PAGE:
Monday, June 10, 2013

Scientific culture

On Sunday, once the NYT comes out of the blue bag, the first section I read is the business section.

I'm not looking for investing tips. I'm looking for culture tips.

The business section always has articles on things that in science we don't discuss--culture.

This past week it was David Segal's, aka The Haggler. He wasn't trying to extract an apology for someone's dishwasher not being fixed, but instead commenting on a business that was doing a good job.

The point of the piece was about fostering a culture that promotes good business practice. One of the executives was quoted as saying:

"If you don’t create a culture at your company, a culture will create itself...And it won’t be good. I sometimes hear people say ‘We don’t have a culture at our company.’ They have one. But if it hasn’t been nurtured, if no one has spent on any time on it, you can assume it’s the wrong culture."

Kendra and I talk about scientific culture a lot. We've seen so many bad cultural practices. And a fair number of good ones.

But you never read about scientific culture like you do business culture. What makes scientific teams work? What helps departments produce good students? It's just not discussed.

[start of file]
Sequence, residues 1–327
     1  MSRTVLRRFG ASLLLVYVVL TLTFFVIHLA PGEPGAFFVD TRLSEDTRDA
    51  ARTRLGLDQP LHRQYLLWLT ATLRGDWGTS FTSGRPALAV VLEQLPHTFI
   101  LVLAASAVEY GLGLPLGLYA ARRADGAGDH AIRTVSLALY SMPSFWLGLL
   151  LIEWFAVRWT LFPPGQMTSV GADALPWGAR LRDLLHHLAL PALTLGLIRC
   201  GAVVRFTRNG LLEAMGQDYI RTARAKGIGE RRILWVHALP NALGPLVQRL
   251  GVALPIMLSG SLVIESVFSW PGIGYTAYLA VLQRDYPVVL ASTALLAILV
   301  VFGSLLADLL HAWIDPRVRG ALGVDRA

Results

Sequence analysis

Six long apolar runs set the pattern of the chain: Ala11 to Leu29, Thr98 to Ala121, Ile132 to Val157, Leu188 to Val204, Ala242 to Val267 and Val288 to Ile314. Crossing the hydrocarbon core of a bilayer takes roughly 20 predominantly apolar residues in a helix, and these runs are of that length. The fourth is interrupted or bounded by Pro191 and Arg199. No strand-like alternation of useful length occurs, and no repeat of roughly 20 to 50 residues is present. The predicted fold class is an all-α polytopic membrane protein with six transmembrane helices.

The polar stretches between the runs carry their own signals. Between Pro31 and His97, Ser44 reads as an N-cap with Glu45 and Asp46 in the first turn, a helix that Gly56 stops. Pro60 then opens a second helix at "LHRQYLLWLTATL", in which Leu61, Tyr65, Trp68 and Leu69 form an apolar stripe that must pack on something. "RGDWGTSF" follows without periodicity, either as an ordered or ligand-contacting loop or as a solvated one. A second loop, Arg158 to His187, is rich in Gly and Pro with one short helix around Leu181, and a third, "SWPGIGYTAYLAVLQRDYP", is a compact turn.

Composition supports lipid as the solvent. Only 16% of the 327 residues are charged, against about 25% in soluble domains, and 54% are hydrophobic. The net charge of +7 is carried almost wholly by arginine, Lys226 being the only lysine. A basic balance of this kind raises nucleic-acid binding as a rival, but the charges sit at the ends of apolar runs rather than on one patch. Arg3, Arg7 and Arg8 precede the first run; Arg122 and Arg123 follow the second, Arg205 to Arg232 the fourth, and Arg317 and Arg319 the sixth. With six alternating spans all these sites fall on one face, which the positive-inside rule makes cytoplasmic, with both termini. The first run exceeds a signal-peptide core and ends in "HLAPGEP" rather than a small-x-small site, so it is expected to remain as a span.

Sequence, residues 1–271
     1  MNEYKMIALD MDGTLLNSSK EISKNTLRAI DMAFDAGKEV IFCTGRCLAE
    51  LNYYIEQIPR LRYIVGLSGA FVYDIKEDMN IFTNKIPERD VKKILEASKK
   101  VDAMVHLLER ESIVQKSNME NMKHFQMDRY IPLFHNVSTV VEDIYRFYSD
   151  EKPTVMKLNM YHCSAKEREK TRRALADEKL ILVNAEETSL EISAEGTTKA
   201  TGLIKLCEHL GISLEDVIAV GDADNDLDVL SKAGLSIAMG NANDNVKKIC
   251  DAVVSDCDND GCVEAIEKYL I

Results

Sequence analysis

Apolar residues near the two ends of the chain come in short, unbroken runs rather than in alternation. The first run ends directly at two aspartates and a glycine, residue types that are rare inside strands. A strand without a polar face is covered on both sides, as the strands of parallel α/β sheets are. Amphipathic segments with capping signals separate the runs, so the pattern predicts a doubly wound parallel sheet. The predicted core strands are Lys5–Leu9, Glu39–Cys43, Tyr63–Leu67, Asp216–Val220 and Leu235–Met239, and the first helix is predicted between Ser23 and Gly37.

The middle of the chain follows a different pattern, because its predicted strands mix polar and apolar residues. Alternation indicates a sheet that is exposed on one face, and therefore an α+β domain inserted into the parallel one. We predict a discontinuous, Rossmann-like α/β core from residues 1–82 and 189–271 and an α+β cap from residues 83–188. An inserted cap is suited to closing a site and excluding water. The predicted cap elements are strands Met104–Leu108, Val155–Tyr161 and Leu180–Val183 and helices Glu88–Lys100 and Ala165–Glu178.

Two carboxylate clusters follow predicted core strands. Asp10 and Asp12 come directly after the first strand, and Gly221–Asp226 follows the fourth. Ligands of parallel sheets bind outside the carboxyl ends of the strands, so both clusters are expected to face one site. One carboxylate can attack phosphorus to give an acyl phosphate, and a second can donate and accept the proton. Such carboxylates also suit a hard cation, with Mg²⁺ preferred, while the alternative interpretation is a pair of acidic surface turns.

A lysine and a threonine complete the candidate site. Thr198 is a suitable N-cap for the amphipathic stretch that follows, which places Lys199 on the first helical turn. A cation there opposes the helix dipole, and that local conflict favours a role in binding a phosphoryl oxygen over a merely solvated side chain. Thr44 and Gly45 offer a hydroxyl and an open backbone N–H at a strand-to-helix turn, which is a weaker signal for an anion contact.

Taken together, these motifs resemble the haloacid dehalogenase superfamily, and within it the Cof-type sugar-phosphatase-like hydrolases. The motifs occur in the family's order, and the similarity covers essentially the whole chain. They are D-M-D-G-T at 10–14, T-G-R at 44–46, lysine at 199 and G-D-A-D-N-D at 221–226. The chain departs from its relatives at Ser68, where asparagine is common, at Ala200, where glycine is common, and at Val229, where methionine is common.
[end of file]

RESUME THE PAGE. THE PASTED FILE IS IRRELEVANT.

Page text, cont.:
And bad scientific cultures develop in the absence of nurturing good ones.

So how does a good scientific culture work? Can it be represented with "-isms"?

K and I have a bunch of sayings that represent different parts of scientific culture for us.

They don't form a complete culture. These deserve more explanation, but I'll at least write the ones I can think of down.

1) Orals every day.
2) Question anything.
3) The hotter the fire, the stronger the steel.
4) Eyes on the horizon.
5) Leave space to grow.
6) Excellence without arrogance. Ignorance is the meter stick.
7) Common goals, flexible roles.
8) Weave progress.
9) Anabolic must balance catabolic.

Each one has a story.

Orals every day represents a rich environment with lots of questions. Like orals, but every day. We came up with this one in Minnesota.

Question anything means that anything should be fair to question. The most basic assumptions. A person's most cherished ideas. It also is phrased such that you don't question everything--that isn't productive.

There are still parts of the culture I'm not sure I have phrases for yet.

Like how to generate new ideas. They come from questioning basic assumptions (#2), discussing ideas to work through them (#3), and having a framework for larger goals (#4), for example. Yet, idea generation requires a creative, free-flowing environment. It's hard to crystallize that one.

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